Below are several development “methodologies” that are popular and even industry-standard:
Hype-Driven Development – you are either a startup, or you are given the freedom to choose whatever technology you like for your new cool-cutting-edge-distrupting-innovative-did-I-say-cool project. What technologies to use? The recently overhyped ones, of course. Let’s do it in Node.js, and you have to make it reactive, and do DevOps, even though your Linux experience is limited to running Ubuntu on your desktop, and store the data in MongoDB (it’s web-scale!). Speaking of web-scale, you will obviously need to go to the cloud. Then all of a sudden you have an unintelligible codebase, broken servers, pages take a second to load, you lose data every now and then, and you are unable to actually scale. But hey, you used cutting-edge, web-scale reactive technologies that you didn’t understand when you started, and were not applicable to your domain. But now your write a blogpost describing how to solve a problem with them, that has been solved for decades with other technologies. And you post it to hacker news, contributing to the hype.
Demo-Driven Development – you work in a team, part of a big organization that has adopted Agile/SCRUM. Or you are a “lean startup” and define the projects on the fly. In both cases the project does not have a clearly defined goal, but somehow money are being poured into it, so it has to keep going. The end result doesn’t seem to matter, but process has to be followed and you need to be be able to demo stuff to the stakeholders. So you write your code disregarding the fact that it should be used in production, and write it only to make it demoable. In small doses this is good, because being able to show something is indeed helpful to the project, although not part intrinsically valuable to the product. But you can easily go overboard and end-up with working for a year and demoing stuff that is completely unusable.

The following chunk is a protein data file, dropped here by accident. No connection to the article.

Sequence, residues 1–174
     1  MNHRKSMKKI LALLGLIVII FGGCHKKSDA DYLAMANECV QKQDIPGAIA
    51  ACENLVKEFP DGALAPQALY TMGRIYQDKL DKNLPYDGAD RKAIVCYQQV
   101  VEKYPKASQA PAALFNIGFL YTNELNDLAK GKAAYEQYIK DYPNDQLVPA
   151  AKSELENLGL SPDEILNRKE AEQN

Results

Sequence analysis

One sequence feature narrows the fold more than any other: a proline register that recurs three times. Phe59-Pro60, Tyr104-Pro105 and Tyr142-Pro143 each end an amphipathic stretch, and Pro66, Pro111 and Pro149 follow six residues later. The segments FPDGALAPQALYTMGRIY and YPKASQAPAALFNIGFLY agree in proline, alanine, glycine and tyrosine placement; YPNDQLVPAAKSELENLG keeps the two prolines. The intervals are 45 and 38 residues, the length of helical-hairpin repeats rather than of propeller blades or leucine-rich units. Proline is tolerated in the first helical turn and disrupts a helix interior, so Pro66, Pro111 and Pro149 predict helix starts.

Copy-Paste Driven Development – applicable in multiple scenarios. If the team consists of many junior programmers and only one senior, “kindergarden expert”, or if engineers in the projects are constantly coming and going, without having time to really understand it, or if the company has many, very similar projects, but doesn’t have the resources to build a common, reusable toolkit, the usual development practice is to copy code from existing projects or features and paste it in the new one, changing the names of variables and methods. Another flavor is copy-pasting snippets from stackoverflow or mailing lists. That might go well for a while, and it’s generally good to have uniformity in the code. But often you’ll end up with code that’s there for no obvious reason, and nobody knows how and more importantly – why it works. Or doesn’t work. (This methodology is specifically applicable to test code)
Denial Driven Development – when the head(s) of engineering or architects, appointed such solely because of their age and inability or unwillingness to find another job, shun all frameworks and libraries, and insist that everything should be written internally. (This is the opposite of “Hype Driven Development”). You get to work with a lot of low-level and complex stuff. The sense of achievement is really high, and you go on reddit and flame everyone that uses puny frameworks. The only downside is, everything breaks, it takes twice the time to develop features (if you actually reach the feature development phase) and each new team member has to first go through a 3-month introductory course. But hey, in the end you at least have a solid framework that nobody uses, doesn’t handle real-world cases, and you probably can’t opensource, because it’s proprietary.
If you are using these methodologies, you are probably in trouble, but if you haven’t realized that yet, this post probably won’t be useful anyway. And I’m not even telling you how to fix them. Well, I can tell you how to fix them – be sensible. But that’s too hard.